For one day while in Rwanda, Kate and I got to go outside the city to the Muhanga District where we spent the day with 7 women who are artisans with another co-op, Ingobokarugo Cooperative, in Rwanda. They make baskets and jewelry that they then sell through Azizi Life who sells their items to folks in the UK and the states. Through purchases of these items, the women are able to earn an income for their families, provide a way for their children to go to school, and contribute in other ways to their household.
These women opened up their home and time to us to show us what a day in their life looks like. We did everything from hoe in the field to carrying the cow’s lunch on our heads, to preparing their one meal of the day to learning how to make the jewelry they make ourselves!
This was an extremely eye opening experience. I saw families and children who live completely on the land…and there’s a joy that I couldn’t explain. These people are living in what to us here in the states would be seen as some of the most impoverished situations. But they have everything they need…and then some. In these communities, the families and neighbors share everything. When it’s time to kill the pig or cow…it’s shared with the entire community. When someone needs a house..all the men in the community come together to make the mud bricks and build the home. This mentality and way of life is fundamentally different from so many other cultures in the world. This is also what made the genocide and the murder of neighbors by neighbors an all the more shocking reality.
I’ve already touched on the ways this community and village were affected by the genocide and what that did for us during our stay there. You can read about that at this link…
Something happened that day that I will never forget...As we were leaving the families including all of their children sang and danced for us. While dancing their traditional tribal dance, they were thanking us for being a part of their lives for the day. They don’t know us…they definitely don’t understand us and yet they were so welcoming…they then asked us to sing and dance for them. We of course weren't prepared and even laughed at first. But then we decided to sing Amazing Grace. They had never heard the song and it was a very moving experience. We began to get emotional singing it and had a hard time getting through the song. It occurred to each of us while singing about grace and eternity to those who don't even speak the same language that one day we will all sing together. We will worship and sing praises to God with members of God's family literally from every tribe and every nation..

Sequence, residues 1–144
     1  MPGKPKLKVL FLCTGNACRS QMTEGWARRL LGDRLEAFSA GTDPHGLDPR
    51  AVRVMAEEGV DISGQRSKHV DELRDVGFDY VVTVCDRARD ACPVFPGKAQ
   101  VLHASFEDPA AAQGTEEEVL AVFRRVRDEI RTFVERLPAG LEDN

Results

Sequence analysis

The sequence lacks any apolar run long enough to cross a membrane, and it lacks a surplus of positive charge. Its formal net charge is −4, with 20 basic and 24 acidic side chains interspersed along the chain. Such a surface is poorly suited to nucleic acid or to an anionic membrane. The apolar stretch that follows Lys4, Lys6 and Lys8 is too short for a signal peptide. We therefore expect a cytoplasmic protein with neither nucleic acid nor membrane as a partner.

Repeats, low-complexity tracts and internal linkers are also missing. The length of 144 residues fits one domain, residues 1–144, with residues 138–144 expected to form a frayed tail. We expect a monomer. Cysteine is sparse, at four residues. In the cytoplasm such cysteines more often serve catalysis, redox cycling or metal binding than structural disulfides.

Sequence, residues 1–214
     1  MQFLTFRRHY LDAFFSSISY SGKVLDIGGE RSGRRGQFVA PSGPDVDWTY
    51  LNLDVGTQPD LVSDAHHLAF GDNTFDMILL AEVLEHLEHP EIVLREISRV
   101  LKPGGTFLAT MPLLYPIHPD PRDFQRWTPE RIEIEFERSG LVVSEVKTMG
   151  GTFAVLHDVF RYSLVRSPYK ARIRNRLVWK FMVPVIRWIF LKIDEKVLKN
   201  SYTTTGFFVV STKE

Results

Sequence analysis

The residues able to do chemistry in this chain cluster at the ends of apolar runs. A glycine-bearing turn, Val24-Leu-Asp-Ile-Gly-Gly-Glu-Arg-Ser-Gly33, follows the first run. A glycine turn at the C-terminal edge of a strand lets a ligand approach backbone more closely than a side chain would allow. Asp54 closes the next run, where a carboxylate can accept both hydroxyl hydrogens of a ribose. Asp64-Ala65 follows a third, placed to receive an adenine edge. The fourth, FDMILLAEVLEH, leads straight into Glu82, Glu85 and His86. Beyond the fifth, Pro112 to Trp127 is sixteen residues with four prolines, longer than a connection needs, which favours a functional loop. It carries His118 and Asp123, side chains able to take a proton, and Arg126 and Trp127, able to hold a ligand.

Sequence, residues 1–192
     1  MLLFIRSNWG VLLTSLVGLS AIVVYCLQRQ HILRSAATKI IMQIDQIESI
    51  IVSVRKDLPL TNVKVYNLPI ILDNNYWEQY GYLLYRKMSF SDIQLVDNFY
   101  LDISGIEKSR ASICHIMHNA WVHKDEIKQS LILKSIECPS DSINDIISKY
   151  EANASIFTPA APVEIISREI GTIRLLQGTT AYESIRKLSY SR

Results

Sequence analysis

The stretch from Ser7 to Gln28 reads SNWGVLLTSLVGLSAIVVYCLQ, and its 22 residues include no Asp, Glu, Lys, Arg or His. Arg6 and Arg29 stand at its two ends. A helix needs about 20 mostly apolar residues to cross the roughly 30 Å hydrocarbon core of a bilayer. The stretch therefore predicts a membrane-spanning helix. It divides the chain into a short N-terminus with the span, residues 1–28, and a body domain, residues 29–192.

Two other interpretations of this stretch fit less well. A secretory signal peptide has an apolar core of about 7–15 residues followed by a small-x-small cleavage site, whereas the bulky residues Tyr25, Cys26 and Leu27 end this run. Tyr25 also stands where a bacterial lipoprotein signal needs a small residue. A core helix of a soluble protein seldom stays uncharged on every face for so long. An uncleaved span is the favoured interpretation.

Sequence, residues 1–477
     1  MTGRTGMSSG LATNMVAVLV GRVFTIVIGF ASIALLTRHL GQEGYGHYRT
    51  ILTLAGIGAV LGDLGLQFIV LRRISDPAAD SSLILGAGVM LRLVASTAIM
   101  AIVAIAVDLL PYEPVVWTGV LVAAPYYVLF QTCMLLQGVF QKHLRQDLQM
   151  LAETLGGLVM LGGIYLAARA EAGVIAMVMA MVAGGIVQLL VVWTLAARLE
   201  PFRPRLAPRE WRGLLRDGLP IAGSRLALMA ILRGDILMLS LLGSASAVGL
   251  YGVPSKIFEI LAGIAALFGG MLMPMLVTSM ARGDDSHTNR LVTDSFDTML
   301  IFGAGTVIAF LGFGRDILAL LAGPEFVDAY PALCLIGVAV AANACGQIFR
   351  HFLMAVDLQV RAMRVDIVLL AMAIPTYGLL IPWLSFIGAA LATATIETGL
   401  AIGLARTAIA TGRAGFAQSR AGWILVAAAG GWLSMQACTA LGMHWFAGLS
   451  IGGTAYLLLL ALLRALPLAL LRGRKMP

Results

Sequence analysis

when we've been there ten thousand years..
The kids in the villages all run to the street when they hear a car coming. They don’t see cars very often so when one pulls up they drop everything and run after it…waving and often yelling “mzungu!” which means “white person!” The photos of the kids and families doing this are some that I will treasure forever. The experience of that joy and welcome given to strangers was the gospel being played out. There is something in all of us...something that is not of us and it is God’s work to restore chaos in a broken world. Out of this chaos is a redemption that can be felt in the smiles, the dances, the hugs, the claps of even those who don’t even know the same language as us…and even in the car chases by children so excited to see someone different from them…there is a hint..a whisper of God’s grace, goodness, generosity, and joy that is real and that being in this world we have the privilege to share with others.
You can support the women and families seen in these photographs and other Rwandan artisans by visiting the link below:
And if you're ever in or near Rwanda, go visit Azizi Life and spend a day in the life of these people. You'll be changed forever.
" After this I looked, and there before me was a great multitude that no one could count, from every nation, tribe, people and language, standing before the throne and before the Lamb. They were wearing white robes and were holding palm branches in their hands. 10 And they cried out in a loud voice:
“Salvation belongs to our God, who sits on the throne, and to the Lamb.” Revelation 7:9-10
Thanks for stopping by,